Gas supplies in Europe are currently abundant, meaning prices are falling. While this trend will begin to reach Estonian consumers, it will take a month to do so and gas will still cost slightly more than in Central Europe.
As this winter has been rather mild and industrial production low, there is currently a shortage of gas in Europe. This means gas prices are likely to continue to fall until spring and European storage facilities will be more than half full by the end of winter, Kalvi Nõu, portfolio manager for energy trading at Alexela, told ERR.
"Then, of course, this little rally will start or gas will start to be stored again for the new winter," Nõu said.
For the time being, the price on Europe's central Dutch TTF gas exchange is still falling gradually.
"The decreases and also the increases [there] actually reach [Estonian ] customers with a one month delay. If it can already be seen that the TTF price is going to drop significantly this month compared to last month, then it is safe to assume that the price for the customer will also drop from Estonian gas traders next month."
However, as Estonia is rather on Europe's periphery, gas arrives here at a slightly higher price.
"While the price of gas is whatever it is in the Netherlands, it arrives in Estonia at an average of €5/MWh more expensive," Nõu said.
While not the case in Estonia, elsewhere in Europe, gas is used to generate quite a lot of electricity. This means that the fall in gas prices has also helped to bring electricity prices down slightly.
"If we talk about a year ago, for example, the fixed-price packages that were offered in the Baltic countries were at around 15 cents/kWh, while today there are already 11-12 cents/kWh packages on the market," Nõu said.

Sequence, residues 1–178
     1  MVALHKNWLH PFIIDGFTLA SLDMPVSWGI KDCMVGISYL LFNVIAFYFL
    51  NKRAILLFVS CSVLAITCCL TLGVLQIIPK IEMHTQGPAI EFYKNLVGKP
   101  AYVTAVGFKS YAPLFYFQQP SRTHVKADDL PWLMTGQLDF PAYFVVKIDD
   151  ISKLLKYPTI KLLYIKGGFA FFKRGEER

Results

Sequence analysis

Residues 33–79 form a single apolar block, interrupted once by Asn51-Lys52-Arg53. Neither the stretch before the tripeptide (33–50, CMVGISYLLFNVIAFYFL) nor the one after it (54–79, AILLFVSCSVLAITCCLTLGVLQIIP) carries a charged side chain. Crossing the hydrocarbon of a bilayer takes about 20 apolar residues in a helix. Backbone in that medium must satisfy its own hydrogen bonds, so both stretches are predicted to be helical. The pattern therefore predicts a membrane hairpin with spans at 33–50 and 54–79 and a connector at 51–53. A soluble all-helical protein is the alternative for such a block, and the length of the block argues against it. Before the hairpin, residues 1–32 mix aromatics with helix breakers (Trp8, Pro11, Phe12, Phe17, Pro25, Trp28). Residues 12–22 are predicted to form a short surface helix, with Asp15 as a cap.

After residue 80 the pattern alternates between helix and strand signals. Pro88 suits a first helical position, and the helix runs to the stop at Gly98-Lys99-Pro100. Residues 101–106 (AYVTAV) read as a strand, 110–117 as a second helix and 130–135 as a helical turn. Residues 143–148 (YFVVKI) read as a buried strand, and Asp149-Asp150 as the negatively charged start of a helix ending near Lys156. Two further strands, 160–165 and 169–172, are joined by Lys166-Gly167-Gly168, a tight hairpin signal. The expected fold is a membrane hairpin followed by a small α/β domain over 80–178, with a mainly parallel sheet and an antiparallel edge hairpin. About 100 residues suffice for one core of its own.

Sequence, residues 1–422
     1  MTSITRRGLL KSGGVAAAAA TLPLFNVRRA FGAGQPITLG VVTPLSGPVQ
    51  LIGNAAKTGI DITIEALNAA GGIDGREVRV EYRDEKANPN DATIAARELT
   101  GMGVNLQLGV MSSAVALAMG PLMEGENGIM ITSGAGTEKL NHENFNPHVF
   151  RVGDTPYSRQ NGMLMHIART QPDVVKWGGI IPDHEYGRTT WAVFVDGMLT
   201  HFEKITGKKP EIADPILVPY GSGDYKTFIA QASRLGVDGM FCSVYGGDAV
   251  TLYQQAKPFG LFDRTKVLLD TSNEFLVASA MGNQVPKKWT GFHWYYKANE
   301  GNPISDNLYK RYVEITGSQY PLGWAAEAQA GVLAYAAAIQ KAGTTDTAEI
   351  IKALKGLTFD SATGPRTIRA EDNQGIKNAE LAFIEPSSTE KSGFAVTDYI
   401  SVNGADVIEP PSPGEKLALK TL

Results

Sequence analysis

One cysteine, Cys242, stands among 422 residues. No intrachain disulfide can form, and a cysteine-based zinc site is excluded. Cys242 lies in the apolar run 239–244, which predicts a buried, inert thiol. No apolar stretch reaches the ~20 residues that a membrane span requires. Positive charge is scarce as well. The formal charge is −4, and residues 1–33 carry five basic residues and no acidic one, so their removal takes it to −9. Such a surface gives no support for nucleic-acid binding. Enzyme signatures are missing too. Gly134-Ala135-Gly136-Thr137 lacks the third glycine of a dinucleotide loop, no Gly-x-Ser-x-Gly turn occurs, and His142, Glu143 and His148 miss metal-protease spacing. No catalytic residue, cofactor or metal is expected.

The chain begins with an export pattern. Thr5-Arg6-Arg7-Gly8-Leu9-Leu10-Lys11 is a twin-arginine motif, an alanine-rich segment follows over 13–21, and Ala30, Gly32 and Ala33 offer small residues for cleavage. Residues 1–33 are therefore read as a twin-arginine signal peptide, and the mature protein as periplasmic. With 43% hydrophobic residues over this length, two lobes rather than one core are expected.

However, Estonia still relies on oil shale to produce electricity, which is very expensive due to environmental surcharges. Elsewhere in Europe, too, renewable electricity and electricity produced by gas plants is not enough to cover energy needs during spells of cold weather.
"If it still gets really cold outside, like we saw at the beginning of January, power plants will still come on the market, which is even more expensive than gas plants, and then we could see prices that are several times higher," said Nõu.
The rationale behind building gas power plants in Estonia very much depends on input costs.
"If we take the current input costs – gas costs around €30/MWh, the CO2 quota currently costs €60/tonne – the cost price of producing gas for a gas-fired power plant will still be in the region of €100/MWh," Nõu said.
"This is not particularly cheap. There are some hours in the year when a gas power plant could enter the market. For those few hours, it is not recommended to build a gas-fired power plant per se, as they may not be enough to get a business plan together."
As input prices have also been quite volatile in recent years, potential investors have no certainty that the construction of a gas-fired power plant will pay off, Nõu added.
Editor: Michael Cole